Associations have found a wide range of tools helpful in addressing these extremely difficult and delicate problems. Certainly close cooperation with law enforcement officials is appropriate. Some associations have assisted law enforcement in identifying and reporting criminal suspects, and have cooperated in surveillance programs. Law enforcement can assist in securing a 72-hour psychiatric hold and evaluation under the Lanterman-Petris Short Act, California Welfare and Institutions Code Section 5150, or may arrest persons for disturbing the peace or making threats of death or great bodily injury. [Penal Code Sections 415 and 422.]

In other instances, board members and their management representatives have met with owners or their family members in a tactful, non-threatening environment to discuss the safety and the proper care of residents who are having difficulty looking after their own needs. Skillful communications are likely to be far more successful than heavy-handed enforcement procedures.

Fines can be levied against the responsible homeowner. If the disabled individual is a renter, the owner landlord should be considered as the one to make the accommodation.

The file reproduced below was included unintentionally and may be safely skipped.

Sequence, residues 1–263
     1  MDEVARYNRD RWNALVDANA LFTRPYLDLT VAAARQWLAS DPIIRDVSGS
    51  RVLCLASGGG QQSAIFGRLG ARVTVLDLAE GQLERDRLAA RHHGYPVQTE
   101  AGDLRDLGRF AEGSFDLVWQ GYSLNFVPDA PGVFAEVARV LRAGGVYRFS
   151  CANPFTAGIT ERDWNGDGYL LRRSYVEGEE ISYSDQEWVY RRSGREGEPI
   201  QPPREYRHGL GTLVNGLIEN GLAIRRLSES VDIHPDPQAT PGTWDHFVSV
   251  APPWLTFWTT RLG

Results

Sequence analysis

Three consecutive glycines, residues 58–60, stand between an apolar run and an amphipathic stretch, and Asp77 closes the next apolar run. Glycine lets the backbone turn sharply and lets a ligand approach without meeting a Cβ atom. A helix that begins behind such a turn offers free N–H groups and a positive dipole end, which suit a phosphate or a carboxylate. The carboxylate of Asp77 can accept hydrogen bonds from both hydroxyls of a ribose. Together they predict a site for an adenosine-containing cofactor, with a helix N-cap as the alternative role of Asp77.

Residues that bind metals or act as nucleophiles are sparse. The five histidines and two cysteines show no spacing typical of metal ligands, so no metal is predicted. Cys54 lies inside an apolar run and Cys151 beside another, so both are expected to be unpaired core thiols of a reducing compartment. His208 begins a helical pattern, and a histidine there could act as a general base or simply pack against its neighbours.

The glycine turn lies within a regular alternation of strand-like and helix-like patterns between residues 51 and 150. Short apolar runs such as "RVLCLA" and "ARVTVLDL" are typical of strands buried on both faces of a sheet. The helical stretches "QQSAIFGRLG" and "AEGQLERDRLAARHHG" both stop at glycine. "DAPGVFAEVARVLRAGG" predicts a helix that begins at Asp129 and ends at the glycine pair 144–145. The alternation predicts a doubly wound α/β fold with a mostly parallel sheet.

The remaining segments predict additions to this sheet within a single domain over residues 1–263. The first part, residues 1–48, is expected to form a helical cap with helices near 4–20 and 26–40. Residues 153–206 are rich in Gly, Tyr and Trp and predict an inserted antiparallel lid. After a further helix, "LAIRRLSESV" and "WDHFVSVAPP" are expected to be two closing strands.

In many instances, it is certainly appropriate for the board of directors to secure an injunction from the Superior Court preventing violation of the CC&Rs by an individual. California Civil Code Section 5975(b), which generally requires that a “request for resolution” be served on the owner prior to initiating a lawsuit, allows an immediate filing for a temporary restraining order or preliminary injunction where circumstances warrant. If a compelling need is shown to the court, the association is likely to obtain a preliminary injunction compelling compliance with the CC&Rs or forbidding further violations. The order can be enforced by the contempt power of the court after the order is personally served on the defendant. Even if it is expected that compliance with the court’s order is unlikely, exhausting the association’s legal remedies will give substantial protection to the board of directors and association in the unfortunate event that personal injury or property damage results from criminal activities by a resident. Ultimately, owners may need to take responsible steps to protect themselves.

The challenges created by criminal activity and by persons with mental or emotional disabilities are formidable. The legal standards that the board must meet conflict and can be difficult to apply. Careful coordination between the board, the association manager and the association’s legal counsel is appropriate to evaluate whether association intervention is appropriate and, if so, what options can be exercised effectively and without impairing federally protected rights of the disabled.

Published in the ECHO Journal, June 2011

Jeffrey A. Barnett is an association attorney with legal offices in San Jose. He is a member of the ECHO Legislative Committee and the Legal, Central Coast and South Bay Resource Panels.